Tekoa Country Club, located in the scenic foothills of the Berkshires in western Massachusetts, can race its lineage back to the grand master of golf course architecture in the U.S., Donald Ross. Ross laid out the original nine holes of Tekoa, and although only five of the original holes remain intact--the second, third, fourth, 14th and 15th--the owners of Tekoa have taken great care to insure Ross’s touch remains a big part of their course’s appeal. Cornish, one of the most prolific of all New England architects, redesigned the course in 1961 and added 13 holes of his own to today’s present routing.

Tekoa demands that you drive the ball straight and don’t wander too far astray with your approach shots. The greens demand a good short game, especially chipping ability if you miss. Only two-par fours, the second and 17th holes, stretch over 400 yards from the back tees and all four par-fives are under 500 yards and reachable in two for the big hitters.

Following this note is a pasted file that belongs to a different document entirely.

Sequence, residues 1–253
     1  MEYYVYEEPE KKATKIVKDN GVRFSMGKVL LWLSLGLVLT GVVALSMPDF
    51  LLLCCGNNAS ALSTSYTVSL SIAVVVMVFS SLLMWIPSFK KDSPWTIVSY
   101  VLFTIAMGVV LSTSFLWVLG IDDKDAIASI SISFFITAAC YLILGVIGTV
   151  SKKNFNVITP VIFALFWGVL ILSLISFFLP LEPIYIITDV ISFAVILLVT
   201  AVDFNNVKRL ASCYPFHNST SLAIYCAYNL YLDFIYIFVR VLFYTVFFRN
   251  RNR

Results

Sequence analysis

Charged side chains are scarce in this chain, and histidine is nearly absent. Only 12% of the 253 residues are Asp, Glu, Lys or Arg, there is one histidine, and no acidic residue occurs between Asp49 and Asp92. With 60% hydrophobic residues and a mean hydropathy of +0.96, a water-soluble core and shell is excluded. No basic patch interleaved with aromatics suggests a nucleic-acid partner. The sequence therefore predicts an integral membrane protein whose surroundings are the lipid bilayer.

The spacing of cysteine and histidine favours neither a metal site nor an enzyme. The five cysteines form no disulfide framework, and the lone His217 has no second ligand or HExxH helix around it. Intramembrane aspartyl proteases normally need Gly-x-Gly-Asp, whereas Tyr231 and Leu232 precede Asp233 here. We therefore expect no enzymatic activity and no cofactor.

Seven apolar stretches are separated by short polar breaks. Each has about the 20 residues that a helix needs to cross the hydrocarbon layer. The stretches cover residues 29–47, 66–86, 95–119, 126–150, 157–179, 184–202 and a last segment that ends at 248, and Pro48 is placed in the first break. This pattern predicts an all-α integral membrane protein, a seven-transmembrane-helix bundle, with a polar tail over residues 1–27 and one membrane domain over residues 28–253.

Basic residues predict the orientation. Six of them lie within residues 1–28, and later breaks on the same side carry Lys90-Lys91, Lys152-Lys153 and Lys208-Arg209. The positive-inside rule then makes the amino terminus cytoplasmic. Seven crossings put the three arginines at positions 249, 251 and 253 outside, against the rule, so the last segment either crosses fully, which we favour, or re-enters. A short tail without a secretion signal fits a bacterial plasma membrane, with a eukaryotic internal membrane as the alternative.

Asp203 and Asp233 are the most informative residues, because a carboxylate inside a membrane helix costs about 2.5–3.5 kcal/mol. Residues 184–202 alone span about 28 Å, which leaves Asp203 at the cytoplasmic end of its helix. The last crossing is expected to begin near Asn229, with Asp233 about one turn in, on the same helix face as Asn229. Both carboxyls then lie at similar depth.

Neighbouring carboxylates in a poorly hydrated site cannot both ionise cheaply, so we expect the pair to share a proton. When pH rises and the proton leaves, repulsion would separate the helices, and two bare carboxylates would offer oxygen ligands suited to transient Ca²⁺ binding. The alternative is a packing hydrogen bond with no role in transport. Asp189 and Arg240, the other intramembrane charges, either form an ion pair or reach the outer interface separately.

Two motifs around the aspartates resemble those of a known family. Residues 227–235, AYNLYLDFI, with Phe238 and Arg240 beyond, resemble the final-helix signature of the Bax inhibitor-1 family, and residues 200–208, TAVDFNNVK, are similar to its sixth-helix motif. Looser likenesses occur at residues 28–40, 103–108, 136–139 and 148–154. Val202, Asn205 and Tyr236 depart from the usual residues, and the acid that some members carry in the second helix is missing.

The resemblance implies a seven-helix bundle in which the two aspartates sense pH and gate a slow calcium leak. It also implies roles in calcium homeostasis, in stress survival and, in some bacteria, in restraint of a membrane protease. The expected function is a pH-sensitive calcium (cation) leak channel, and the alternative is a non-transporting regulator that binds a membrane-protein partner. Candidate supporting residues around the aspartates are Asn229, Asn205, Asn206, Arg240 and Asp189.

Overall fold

Shaker Farms Country Club in Westfield is a unique track that contains some interesting holes. Routed through mature stands of trees, where wildlife is abundant, the Cornish design is being brought back to its original luster by new ownership.

The front side has two great par-threes, the demanding 225-yard seventh and the 165-yard ninth, the latter playing across a small pond. The back side features a nice mix of holes. The 318-yard par-four 10th plays uphill from the fairway landing area. The 12th, a 144-yard par-three, has a green flanked by tall pines and is the first of two very pretty short holes on the side.